PubDate: Tue, 22 Nov 2016 00:00:00 GMT
       
  • Infectious Disease Mortality Trends in the United States, 1980-2014
    • Authors: Hansen V; Oren E, Dennis LK, et al.
      Abstract: This study uses data from the US National Office of Vital Statistics and the Centers for Disease Control and Prevention WONDER database to characterize trends in infectious disease mortality from 1980 through 2014.
      PubDate: Tue, 22 Nov 2016 00:00:00 GMT
       
  • Cost-effectiveness of PCSK9 Inhibitor Therapy
    • Authors: Mastey V; Johnstone BM.
      Abstract: To the Editor Cardiovascular disease (CVD) remains the leading cause of death in the United States. Proprotein convertase subtilisin/kexin type 9 (PCSK9) inhibitors are an important treatment option for patients at highest risk of CVD who are unable to reach their lipid goals with current treatments. Dr Kazi and colleagues suggested that use of PCSK9 inhibitors for patients with atherosclerotic CVD and heterozygous familial hypercholesterolemia is not cost-effective and that these medicines will increase costs to the US health care system. These findings depend on questionable assumptions that overestimate the calculated cost-effectiveness ratio and thus underestimate the value of PCSK9 inhibitors.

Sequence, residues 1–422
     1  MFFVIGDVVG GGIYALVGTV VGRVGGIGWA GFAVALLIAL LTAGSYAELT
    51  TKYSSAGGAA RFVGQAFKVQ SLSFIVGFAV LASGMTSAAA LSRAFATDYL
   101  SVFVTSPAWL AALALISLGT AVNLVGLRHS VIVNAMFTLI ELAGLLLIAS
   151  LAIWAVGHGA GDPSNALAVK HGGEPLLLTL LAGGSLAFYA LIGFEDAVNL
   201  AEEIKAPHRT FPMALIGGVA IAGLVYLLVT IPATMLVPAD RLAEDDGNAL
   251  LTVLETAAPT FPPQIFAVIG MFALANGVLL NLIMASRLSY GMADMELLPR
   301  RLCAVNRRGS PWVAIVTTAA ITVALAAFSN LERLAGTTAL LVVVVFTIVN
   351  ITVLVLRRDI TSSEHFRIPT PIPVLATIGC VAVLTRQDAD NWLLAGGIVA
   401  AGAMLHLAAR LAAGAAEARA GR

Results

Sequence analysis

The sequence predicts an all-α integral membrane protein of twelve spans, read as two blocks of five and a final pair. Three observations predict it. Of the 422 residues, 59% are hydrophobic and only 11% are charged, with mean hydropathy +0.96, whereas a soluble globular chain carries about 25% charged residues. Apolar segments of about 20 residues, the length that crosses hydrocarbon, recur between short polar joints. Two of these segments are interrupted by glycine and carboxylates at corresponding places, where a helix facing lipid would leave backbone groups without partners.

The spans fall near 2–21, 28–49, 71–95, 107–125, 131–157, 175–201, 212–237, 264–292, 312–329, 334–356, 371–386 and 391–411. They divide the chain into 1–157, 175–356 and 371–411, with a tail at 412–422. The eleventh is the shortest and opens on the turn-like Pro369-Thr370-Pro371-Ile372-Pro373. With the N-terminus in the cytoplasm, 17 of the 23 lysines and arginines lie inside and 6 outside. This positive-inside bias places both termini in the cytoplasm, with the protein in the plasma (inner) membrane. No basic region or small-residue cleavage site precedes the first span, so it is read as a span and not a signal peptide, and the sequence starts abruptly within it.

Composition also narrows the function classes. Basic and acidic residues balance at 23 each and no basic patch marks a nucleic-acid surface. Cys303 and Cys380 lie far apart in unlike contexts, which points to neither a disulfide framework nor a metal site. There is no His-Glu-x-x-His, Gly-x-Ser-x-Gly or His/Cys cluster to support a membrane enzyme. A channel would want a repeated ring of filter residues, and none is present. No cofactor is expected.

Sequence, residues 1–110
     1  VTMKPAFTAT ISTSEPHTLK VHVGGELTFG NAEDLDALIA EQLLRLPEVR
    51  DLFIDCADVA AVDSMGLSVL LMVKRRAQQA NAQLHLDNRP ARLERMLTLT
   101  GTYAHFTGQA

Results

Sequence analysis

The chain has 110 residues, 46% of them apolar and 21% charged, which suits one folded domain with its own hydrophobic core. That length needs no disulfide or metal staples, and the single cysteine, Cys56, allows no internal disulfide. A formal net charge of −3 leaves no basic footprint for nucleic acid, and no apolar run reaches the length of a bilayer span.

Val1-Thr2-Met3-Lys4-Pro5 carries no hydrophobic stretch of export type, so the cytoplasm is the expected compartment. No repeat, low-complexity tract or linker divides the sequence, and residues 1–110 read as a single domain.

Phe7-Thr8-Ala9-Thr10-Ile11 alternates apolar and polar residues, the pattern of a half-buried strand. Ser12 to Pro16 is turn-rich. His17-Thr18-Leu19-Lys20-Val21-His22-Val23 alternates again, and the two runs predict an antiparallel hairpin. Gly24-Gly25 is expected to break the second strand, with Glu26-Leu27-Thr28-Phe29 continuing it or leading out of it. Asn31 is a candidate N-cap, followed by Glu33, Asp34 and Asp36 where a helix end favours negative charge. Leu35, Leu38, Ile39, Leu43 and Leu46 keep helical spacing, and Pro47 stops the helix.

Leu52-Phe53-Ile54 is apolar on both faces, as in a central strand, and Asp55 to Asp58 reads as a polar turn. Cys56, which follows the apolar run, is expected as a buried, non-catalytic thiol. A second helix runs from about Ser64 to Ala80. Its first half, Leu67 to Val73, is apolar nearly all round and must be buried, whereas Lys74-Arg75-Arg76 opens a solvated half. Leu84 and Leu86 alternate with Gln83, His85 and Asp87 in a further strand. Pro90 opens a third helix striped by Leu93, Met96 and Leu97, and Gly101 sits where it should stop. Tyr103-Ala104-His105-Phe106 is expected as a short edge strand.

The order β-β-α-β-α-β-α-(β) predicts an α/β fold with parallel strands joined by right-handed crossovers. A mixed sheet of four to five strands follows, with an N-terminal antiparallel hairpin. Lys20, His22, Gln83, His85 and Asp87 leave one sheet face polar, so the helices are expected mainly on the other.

PubDate: Tue, 22 Nov 2016 00:00:00 GMT
       
  • Cost-effectiveness of PCSK9 Inhibitor Therapy—Reply
    • Authors: Kazi DS; Moran AE, Bibbins-Domingo K.